12. message old friends with personal jokes. reminisce. suggest a catch up soon, even if you don’t follow through. push yourself to follow through.
14. think long and hard about what interests you. crime? sex? boarding school? long-forgotten romance etiquette? find a book about it and read it. there is a book about literally everything.
15. become the person you would ideally fall in love with. let cars merge into your lane when driving. pay double for parking tickets and leave a second one in the machine. stick your tongue out at babies. compliment people on their cute clothes. challenge yourself to not ridicule anyone for a whole day. then two. then a week. walk with a straight posture. look people in the eye. ask people about their story. talk to acquaintances so they become friends.
“We are the generation of nostalgia. We grew up in the age of transition. From hand-written letters to electronic mails. From film to digital. We were fascinated by new things, neglecting the way we spend our afternoons. Cupcakes and tea. Play-Doh and Polly Pockets. Young and naive. Technology completely changed the way we waited and we grew up too fast. The simple things in life seems more meaningful now. We grew up in the age of transition and have become the generation of nostalgia.”—this explains the 90s kids (via ladymargaerytyrells)
“If you’re struggling, you deserve to make self-care a priority. Whether that means lying in bed all day, eating comfort food, putting off homework, crying, sleeping, rescheduling plans, finding an escape through a good book, watching your favorite tv show, or doing nothing at all — give yourself permission to put your healing first. Quiet the voice telling you to do more and be more, and today, whatever you do, let it be enough. Feel your feelings, breathe, and be gentle with yourself. Acknowledge that you’re doing the best you can to cope and survive. And trust that during this time of struggle, it’s enough.”—Daniell Koepke (via internal-acceptance-movement)
I sat up from a bad dream. He touched my bare back with his warm hand, “babe, everything okay?” I laid back, he grabbed me close and just held me tight until I fell back asleep. I felt so safe in the arms of a stranger.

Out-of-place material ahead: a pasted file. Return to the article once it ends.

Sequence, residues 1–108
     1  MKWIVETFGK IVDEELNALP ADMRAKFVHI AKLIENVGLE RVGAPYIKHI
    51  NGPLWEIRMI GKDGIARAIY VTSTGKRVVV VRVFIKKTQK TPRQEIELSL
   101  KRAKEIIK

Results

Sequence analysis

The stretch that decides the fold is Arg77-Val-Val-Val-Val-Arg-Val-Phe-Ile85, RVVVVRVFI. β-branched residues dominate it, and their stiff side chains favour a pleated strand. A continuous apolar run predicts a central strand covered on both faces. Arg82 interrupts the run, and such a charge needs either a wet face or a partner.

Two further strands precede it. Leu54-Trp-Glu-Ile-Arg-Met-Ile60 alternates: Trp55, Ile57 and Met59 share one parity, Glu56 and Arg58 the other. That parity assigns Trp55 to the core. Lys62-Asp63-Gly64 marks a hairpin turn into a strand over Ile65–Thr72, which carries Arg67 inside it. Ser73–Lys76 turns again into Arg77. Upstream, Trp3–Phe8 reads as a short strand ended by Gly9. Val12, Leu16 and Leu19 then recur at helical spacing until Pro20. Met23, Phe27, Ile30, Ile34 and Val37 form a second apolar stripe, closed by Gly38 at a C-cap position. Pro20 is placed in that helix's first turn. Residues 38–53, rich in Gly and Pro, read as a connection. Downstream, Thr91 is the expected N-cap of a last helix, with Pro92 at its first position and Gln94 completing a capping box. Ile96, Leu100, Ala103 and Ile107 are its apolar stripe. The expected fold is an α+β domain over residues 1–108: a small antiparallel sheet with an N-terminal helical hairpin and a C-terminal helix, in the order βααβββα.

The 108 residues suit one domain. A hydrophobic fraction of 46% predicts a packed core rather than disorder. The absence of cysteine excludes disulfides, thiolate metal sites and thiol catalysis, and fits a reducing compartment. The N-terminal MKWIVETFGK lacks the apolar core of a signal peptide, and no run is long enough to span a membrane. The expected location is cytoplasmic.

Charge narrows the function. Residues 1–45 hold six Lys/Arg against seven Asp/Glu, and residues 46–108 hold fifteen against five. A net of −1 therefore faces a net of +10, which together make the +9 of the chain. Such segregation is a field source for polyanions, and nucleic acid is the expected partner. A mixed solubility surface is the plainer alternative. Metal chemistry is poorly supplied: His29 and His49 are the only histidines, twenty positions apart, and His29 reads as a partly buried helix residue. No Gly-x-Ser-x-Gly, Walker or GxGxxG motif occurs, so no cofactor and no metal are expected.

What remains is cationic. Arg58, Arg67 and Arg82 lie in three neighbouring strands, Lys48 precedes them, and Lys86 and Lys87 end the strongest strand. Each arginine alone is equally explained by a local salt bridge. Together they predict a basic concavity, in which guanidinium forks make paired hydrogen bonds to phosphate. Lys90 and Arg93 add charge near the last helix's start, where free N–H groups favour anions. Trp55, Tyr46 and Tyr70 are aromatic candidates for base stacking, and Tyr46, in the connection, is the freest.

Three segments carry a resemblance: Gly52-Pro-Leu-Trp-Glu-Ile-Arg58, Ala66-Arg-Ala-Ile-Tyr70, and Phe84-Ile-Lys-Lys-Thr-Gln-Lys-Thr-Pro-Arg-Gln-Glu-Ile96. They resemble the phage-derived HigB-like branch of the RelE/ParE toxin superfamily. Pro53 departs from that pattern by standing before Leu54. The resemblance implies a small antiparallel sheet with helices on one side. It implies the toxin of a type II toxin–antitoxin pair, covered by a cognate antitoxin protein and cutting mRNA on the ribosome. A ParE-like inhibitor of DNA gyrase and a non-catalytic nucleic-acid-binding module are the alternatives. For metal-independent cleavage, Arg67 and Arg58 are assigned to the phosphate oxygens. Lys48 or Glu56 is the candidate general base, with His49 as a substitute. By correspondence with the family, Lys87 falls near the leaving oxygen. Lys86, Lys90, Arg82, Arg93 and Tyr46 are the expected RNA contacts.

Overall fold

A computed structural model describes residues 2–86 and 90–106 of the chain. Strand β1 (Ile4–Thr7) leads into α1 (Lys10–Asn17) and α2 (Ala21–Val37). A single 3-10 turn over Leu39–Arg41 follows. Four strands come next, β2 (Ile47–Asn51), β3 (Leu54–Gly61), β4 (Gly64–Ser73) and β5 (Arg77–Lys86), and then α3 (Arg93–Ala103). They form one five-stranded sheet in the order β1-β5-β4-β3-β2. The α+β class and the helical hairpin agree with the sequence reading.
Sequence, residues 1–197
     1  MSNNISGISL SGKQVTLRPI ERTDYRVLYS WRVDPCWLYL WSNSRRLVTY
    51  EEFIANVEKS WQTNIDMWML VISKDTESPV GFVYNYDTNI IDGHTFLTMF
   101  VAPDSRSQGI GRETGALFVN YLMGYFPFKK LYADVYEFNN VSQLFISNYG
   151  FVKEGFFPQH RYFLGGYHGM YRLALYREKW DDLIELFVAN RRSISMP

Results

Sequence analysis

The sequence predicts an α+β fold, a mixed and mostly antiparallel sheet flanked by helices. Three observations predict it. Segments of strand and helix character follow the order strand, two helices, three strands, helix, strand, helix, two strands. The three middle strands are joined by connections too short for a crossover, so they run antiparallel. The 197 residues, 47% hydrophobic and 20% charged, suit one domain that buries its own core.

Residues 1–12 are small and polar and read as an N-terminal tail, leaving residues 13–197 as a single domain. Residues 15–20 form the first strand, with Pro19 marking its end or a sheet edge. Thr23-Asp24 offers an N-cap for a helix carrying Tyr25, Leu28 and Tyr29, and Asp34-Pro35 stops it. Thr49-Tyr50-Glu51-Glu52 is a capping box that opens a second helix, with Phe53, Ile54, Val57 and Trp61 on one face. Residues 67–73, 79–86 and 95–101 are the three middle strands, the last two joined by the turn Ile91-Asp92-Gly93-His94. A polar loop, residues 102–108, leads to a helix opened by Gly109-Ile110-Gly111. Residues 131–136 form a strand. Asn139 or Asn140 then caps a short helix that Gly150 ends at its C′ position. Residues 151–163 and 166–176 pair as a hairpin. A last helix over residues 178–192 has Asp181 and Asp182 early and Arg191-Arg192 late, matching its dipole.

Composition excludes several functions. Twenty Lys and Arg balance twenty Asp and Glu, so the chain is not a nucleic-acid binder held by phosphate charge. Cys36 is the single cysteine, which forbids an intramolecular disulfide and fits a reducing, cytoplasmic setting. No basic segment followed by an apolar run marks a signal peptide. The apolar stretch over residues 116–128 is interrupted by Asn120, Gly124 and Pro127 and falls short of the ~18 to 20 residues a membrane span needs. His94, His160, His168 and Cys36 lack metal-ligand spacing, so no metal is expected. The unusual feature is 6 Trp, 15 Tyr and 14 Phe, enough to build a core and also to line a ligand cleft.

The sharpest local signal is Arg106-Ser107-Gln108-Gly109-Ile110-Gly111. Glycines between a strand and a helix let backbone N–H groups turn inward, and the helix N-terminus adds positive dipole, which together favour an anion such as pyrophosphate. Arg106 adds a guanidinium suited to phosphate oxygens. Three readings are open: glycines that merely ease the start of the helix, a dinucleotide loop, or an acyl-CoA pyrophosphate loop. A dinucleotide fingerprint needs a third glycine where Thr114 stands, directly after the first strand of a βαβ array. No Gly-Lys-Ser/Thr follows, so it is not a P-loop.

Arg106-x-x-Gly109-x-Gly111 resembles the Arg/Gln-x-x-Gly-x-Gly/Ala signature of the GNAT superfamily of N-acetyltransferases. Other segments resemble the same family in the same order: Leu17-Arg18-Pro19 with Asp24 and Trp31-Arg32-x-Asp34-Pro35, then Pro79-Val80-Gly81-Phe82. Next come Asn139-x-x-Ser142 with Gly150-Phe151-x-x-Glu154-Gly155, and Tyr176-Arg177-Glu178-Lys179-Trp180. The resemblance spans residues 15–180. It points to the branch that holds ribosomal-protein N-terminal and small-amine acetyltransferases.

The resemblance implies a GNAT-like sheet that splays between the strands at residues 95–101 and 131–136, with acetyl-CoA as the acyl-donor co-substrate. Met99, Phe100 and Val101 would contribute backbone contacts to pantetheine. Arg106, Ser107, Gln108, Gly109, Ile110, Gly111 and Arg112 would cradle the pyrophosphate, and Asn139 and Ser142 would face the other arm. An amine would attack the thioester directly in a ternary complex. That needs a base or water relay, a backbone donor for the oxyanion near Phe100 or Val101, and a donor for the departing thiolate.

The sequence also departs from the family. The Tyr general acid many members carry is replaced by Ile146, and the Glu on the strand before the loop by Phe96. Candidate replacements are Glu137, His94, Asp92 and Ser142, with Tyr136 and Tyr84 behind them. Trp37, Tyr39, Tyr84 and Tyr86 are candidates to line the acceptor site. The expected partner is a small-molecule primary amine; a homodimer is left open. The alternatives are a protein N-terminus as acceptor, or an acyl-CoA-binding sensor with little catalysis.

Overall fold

“I was by myself for a pretty long time. I needed to do that. I think everyone that I know has wanted to do that or needed to do that at some point. I think when you spend enough time when it’s quiet around you and you don’t open your mouth for three or four days, there’s parts of your brain that can kind of rest. I think when we’re out in the world and we have to talk to people, we edit ourselves. You know, we have to like, act a little bit. As honest as we may be as humans, when we’re out here, we’re all kind of wearing mirrors on our faces. You know, constantly reacting to how to react to the people around you. And I think when you’re alone for a long enough time, you can feel a lot more peace.”—Justin Vernon of Bon Iver, in an interview speaking about living in his father’s cabin for three months when writing ‘For Emma, Forever Ago’. )
We’re always so concerned about time—wasting time. We disregard relationships that are not “worth our time.” What’s the point if you don’t see yourself marrying them, right? Well, every relationship is special. Whether it’s 30 seconds, 30 days, 30 years. Every one you meet has a story. Hear it. Some may impact you, others may not. Point is, we don’t have to fall in love with every one we meet. Shit, we don’t have to be in love with every person we have sex with. Sometimes, we gotta stop chasing love. Enjoy the people or the things that simply make you happy, in the moment(s). Share time with someone without trying to find something to fall in love with. Stop analyzing. Take your mind out of it and just enjoy them, their company. Be happy. Feel the moments without the feelings.